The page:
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Southern Brewing
By Bobby Bush

Titanic Brewing
5813 Ponce de Leon Blvd.
Coral Gables, FL 33146

Moon River Brewing
21 West Bay St.
Savannah, GA 31401

Hilton Head Brewing
7-C Greenwood Dr.
Hilton Head Island, SC 29928

Liberty Steakhouse
Broadway at the Beach
1321 Celebrity Cir.
Myrtle Beach, SC 29577

Outer Banks Brewing Station
Mile Post 8-1/2
Kill Devil Hills, NC 27948

Hilltop Brewery
1556 Laskin Rd., #134
Virginia Beach, VA 23451



Traditional summer vacation in the South almost always includes a week, or at least a weekend, stay at the beach. By August, the Atlantic coastal waters warm to the mid-80s. Days are drenched in suntan lotion and rolling waves. Nights beckon with dancing and moonlit walks on beaches of silvery sand.

And then there’s beer. No respectable seaside trip should be without the tasty suds of local craft-brewed beer. In this issue’s “Southern Brewing,” we’ll highlight beach town breweries. Yes, there’s more to sun and fun than Corona and lime.

Coral Gables, Fla.’s Titanic Brewing opened for business in 1999. The Miami-area brewpub is helmed by Steve Copeland. A Maine native, the brewer trained at Siebel and entered the ranks of professional brewers at Miami’s now-defunct Firehouse micro. A Navy vet, Copeland found his current position at Titanic via an online search in 2002.

Situated next to the University of Miami’s baseball stadium, his small brewpub features a Cajun-influenced menu and a mainstay of impressive brews. Triple Screw Light, which took a 2000 GABF silver medal, is naturally a big seller. Perfect for the heat and humidity, this kölsch-style ale is light and refreshing, and at only 4% abv, it makes a great summer session drink.

Captain Smith’s Rye Ale, which also scored silver in 2000, is a German-style amber — malty, fruity and spicy. White Star IPA and Britannic Best Bitter are English in style, made with imported malt and hops.

For seasoned beer travelers, Copeland keeps the British-style Boiler Room Nut Brown and full-bodied Steambuilders Oatmeal Stout on tap year-round.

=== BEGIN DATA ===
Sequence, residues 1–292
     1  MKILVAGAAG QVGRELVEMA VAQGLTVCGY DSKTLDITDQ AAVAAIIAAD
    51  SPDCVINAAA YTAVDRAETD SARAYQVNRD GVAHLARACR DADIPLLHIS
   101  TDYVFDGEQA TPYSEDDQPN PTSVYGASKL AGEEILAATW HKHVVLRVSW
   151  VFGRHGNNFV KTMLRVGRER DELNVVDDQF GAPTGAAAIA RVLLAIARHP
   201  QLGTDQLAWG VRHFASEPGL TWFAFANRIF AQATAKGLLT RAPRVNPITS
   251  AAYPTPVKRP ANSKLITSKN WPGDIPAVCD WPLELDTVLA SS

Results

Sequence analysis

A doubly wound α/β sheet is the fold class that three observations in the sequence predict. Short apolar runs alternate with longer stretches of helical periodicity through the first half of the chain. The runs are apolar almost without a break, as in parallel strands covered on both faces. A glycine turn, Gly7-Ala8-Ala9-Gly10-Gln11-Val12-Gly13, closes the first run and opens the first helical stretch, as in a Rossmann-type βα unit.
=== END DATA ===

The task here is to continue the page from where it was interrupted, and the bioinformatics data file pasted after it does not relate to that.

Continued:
Seasonals include Hurricane Gale Force Ale, an orange blossom–honey blonde ale; Hefeweizen; and a barley wine based on a recipe provided by MASH, Miami Area Society of Homebrewers.

Head north up the intercoastal waterway for a stopover in Savannah, Ga. Housed in the old City Hotel, circa 1830, Moon River Brewing has been around since 1999 when partners John Pinkerton and Gene Beeco reopened the shuttered Oglethorpe brewpub on Bay Street. Since the brewpub’s clientele is primarily tourists, brewer Pinkerton keeps a wide variety of beers on tap. Moon River’s five regulars are Wild Wacky Wit (Belgian style and heavy on coriander), Savannah Fest Beer (lager style made with kölsch yeast), Moon Light (a lighter version of Fest and former best-seller), Captains Porter (full-bodied and chocolaty) and the new best-seller, Swamp Fox IPA (big in alcohol at over 7% abv and dry-hopped hoppy).

Seasonals include an American-style Hefeweizen, which may replace Fest on the regular list; Gallery Espresso Stout (made with coffee from a local coffee house); a malty, nutty, toasty Brown Ale; and a Kölsch that should be on tap in August and September. Pinkerton served a brief stint in Weeping Radish’s brewhouse but credits Frederick Brewing as the primary source of his brewing education.

Following a foiled attempt at a Savannah brewpub, Denver brewpub entrepreneur John Hickenlooper introduced Pinkerton to his eventual Moon River partner, Beeco. Named for the song penned by Henry Mancini and Savannah native Johnny Mercer, Moon River has also become a popular spot for reasons other than beer. Almost every downtown ghost tour starts or finishes at Moon River. Pinkerton claims that he’s never had a paranormal experience in the 175-year-old structure, “although the adding machine started running on its own this morning.” Perhaps a frustrated accountant? Give him a beer.

Just north across the sound, no more than 20 minutes by boat, awaits ritzy Hilton Head Island, S.C. Brewer John Watts has been with Hilton Head Brewing since 1998, though he stepped away from the brewhouse for a year to try his hand at restaurant management. Summer Wheat is his best-selling seasonal. Light-bodied, lightly hopped and served with a lemon wedge, this American-style ale is the perfect post-golf or post-tennis beverage. Calibogue Amber, Hilton Head’s flagship brew, is a well-balanced ale boasting medium body and moderate bitterness. Cascade hops throughout, South Atlantic Pale Ale is American in style, bursting with hoppy aroma and flavor. The blonde Pub Light and darkish Raspberry Wheat are also brisk sellers. Founded in 1994, Hilton Head Brewing is large and well equipped to handle a continual barrage of touristy types.

Summer beach beer? Why not? To every season there is beer!